So investing quietly may seem a little boring, or limited perhaps. Where is the excitement of that “one-in-a-million investment opportunity” in this kind of approach? Well, if you want excitement, go to a waterpark or play a computer game; leave investment till when you’ve calmed down. Four investment principles underpin our portfolios and – even with adventurous asset choices made by the client, on occasion – these principles make it easier to Invest Quietly:
  • Diversification – a broad range of investment opportunities across asset classes.
  • Passive and Active Trusts – a combination of trust management.
  • Dynamic Asset Allocation – adjusting the balance of products in your portfolio over time.
  • Realistic Risk Management – at Holborn we run our investment ideas through the Monte Carlo simulation model, ensuring the path we take is the soundest.
In a nutshell: investing quietly means thinking like a farmer – you sow, you wait, and then you reap.  

Principle #9: Keep a Clean House

Do your financial chores!  Most of us avoid housework if we can, but whatever your relationship to cleanliness and order, most of us recognise the centrality of cleanliness to a stress-free existence. A tidy house is a tidy mind, and this same theory applies to your finances. Like any maintenance project, financial housekeeping doesn’t have to be overwhelming if you tackle it in manageable amounts, and delegate tasks accordingly (see principle #5). So start simple – just do what needs to be done in descending order of priority. Make short, manageable lists, and reward yourself regularly. But where to start? a good place to begin is at the end – your Last will and Testament!  Organising the centrepiece of your financial legacy is always the best place to start your future financial planning, particularly so for our ex-pat clients who can get caught out as a result of cross-border legal issues and complications. Expert advice pays dividends in the long run, as does a degree of organisation and forethought. Good housekeeping also involves staying abreast of new products and developments – you wouldn’t hand scrub your clothes in an old washtub while watching your neighbours save time and hard labour by pressing a button on a washing machine!  Keeping in touch with your financial adviser, and with your financial existence in general, can keep you (and your adviser) abreast of changes and your financial plan current and on course.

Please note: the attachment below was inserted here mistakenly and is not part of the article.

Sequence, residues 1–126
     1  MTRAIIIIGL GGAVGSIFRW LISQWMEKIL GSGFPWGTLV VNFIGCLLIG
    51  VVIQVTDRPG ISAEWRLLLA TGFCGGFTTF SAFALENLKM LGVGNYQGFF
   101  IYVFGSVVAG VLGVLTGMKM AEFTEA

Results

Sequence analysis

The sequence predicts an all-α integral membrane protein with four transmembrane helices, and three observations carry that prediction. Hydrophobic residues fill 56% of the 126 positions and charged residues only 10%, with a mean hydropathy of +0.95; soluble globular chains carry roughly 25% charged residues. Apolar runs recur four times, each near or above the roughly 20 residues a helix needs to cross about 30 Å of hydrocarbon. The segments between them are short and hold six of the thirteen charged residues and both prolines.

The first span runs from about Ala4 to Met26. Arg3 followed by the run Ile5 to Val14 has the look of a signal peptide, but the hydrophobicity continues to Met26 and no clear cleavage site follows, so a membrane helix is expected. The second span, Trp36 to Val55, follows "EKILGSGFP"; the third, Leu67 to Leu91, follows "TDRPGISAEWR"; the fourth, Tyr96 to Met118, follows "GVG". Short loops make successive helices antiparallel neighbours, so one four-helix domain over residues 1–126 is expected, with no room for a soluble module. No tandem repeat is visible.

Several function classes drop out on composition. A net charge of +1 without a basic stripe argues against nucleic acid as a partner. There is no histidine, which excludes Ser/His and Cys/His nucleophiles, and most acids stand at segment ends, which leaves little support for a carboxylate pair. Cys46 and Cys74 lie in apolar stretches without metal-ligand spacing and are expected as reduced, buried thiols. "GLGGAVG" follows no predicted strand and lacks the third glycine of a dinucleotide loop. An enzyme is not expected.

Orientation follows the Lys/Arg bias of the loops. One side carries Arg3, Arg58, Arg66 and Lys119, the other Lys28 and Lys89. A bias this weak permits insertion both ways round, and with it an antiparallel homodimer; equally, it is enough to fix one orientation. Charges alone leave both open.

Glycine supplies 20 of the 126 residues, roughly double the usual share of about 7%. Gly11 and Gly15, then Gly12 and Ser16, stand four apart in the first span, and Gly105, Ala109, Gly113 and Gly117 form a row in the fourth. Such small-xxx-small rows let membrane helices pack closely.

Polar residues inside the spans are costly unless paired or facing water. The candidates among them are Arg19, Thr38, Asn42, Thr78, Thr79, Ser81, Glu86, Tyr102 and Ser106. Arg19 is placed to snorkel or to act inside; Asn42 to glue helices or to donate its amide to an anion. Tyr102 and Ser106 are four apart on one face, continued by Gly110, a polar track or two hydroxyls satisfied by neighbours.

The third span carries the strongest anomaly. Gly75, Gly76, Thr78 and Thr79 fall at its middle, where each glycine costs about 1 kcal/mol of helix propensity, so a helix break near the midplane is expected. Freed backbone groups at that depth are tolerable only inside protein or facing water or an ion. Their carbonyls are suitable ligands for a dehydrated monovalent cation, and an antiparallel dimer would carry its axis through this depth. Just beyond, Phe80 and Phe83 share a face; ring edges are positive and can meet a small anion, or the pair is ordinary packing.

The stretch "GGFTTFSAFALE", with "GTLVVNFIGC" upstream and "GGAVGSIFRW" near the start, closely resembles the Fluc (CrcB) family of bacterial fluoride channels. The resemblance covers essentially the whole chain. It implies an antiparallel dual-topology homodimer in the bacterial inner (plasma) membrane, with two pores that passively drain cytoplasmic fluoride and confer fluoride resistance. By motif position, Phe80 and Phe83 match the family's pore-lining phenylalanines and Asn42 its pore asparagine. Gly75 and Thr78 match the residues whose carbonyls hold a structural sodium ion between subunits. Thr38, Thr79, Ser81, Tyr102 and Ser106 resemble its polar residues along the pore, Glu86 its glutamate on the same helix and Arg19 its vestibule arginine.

Principle #10: Think Local

Remember where you are, or “when in Rome …” There are two strands to this principle.  The first is in acknowledging the limitations of your own knowledge (the locality of your own mind-set), and the second is about being informed about and responsive to the particularities of where you live. This second strand is particularly relevant to the thousands of expat clients we help here at Holborn, and is indeed an organising feature of our own financial thinking and expertise. For example, if you are a Brit, living and working out of Dubai, you may want to maintain your close personal and financial ties with your home nation – a large and formative part of your identity. But, it is important here to acknowledge reality: you are a Brit (or a Canadian, South African, American) first and foremost, but your lived reality (and financial reality) is carved and changed by the nation in which you now live. That could mean observing local rules in regard to alcohol or clothing, or it could mean understanding the financial rules that apply to you: taxation, mortgages, pensions and so on. We believe that cross-border financial planning exists for a critical reason: regulations differ according to jurisdiction, particularly in relation to taxation, and burying your head in the sand is not an option if you want to remain financially savvy and legally sound. Being prepared for and knowledgeable about cross-cultural differences is at the heart of this principle and the lynchpin of our financial ethos here at Holborn – it’s what makes us so responsive to our international client base.  For example, when it comes to mortgages, Brits in the UAE need to know how the system differs from the UK: we stress therefore that a golden rule in the UAE is to secure your funding before you go house-hunting as vendors may not accept offers from potential buyers without funding in place (which does not happen in the UK very often). This is just one small example of how thinking locally is not just advantageous, but essential.